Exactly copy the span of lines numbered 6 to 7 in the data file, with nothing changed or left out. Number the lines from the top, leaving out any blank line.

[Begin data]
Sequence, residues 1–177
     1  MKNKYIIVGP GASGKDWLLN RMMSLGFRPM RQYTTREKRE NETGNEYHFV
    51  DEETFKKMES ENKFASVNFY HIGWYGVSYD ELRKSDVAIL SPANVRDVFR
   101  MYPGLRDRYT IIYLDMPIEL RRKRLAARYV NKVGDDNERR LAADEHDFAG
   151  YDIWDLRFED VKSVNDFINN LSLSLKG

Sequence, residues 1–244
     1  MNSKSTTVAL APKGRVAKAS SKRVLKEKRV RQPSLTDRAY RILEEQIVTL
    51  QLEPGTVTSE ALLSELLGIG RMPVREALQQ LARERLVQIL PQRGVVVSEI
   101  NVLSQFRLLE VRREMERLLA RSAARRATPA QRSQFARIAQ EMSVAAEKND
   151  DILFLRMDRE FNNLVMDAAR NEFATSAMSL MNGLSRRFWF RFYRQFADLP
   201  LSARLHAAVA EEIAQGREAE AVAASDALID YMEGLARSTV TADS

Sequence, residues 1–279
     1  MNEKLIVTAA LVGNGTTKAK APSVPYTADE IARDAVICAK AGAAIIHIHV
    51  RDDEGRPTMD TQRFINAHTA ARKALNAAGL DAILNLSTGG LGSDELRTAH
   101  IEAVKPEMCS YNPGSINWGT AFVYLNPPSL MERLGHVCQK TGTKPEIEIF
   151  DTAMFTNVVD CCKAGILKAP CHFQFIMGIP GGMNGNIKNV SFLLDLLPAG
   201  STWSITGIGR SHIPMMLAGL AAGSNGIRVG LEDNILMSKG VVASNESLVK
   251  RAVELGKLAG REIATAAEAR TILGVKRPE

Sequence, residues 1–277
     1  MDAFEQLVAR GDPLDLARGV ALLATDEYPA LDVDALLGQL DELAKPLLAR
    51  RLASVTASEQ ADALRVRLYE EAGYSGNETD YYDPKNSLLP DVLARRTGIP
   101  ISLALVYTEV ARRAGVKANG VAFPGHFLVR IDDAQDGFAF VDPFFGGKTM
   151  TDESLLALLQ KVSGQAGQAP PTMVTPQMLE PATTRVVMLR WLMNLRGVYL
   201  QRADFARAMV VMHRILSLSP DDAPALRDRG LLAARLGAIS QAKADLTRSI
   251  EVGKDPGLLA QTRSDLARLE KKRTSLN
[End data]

Sequence, residues 1–244
     1  MNSKSTTVAL APKGRVAKAS SKRVLKEKRV RQPSLTDRAY RILEEQIVTL